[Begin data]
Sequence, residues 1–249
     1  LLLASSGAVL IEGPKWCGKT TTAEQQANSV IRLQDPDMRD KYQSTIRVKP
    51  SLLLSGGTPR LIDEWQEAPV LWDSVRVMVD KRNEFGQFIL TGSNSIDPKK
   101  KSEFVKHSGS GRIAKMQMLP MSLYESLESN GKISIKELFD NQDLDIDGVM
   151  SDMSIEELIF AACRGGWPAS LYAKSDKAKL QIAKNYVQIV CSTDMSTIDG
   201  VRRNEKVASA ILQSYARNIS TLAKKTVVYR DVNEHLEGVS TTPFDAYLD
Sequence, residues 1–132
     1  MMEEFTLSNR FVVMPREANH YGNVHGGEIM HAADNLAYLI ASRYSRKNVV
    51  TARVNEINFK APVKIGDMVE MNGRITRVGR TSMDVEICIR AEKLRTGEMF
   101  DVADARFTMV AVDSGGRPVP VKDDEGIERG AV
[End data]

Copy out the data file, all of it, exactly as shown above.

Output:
Sequence, residues 1–249
     1  LLLASSGAVL IEGPKWCGKT TTAEQQANSV IRLQDPDMRD KYQSTIRVKP
    51  SLLLSGGTPR LIDEWQEAPV LWDSVRVMVD KRNEFGQFIL TGSNSIDPKK
   101  KSEFVKHSGS GRIAKMQMLP MSLYESLESN GKISIKELFD NQDLDIDGVM
   151  SDMSIEELIF AACRGGWPAS LYAKSDKAKL QIAKNYVQIV CSTDMSTIDG
   201  VRRNEKVASA ILQSYARNIS TLAKKTVVYR DVNEHLEGVS TTPFDAYLD
Sequence, residues 1–132
     1  MMEEFTLSNR FVVMPREANH YGNVHGGEIM HAADNLAYLI ASRYSRKNVV
    51  TARVNEINFK APVKIGDMVE MNGRITRVGR TSMDVEICIR AEKLRTGEMF
   101  DVADARFTMV AVDSGGRPVP VKDDEGIERG AV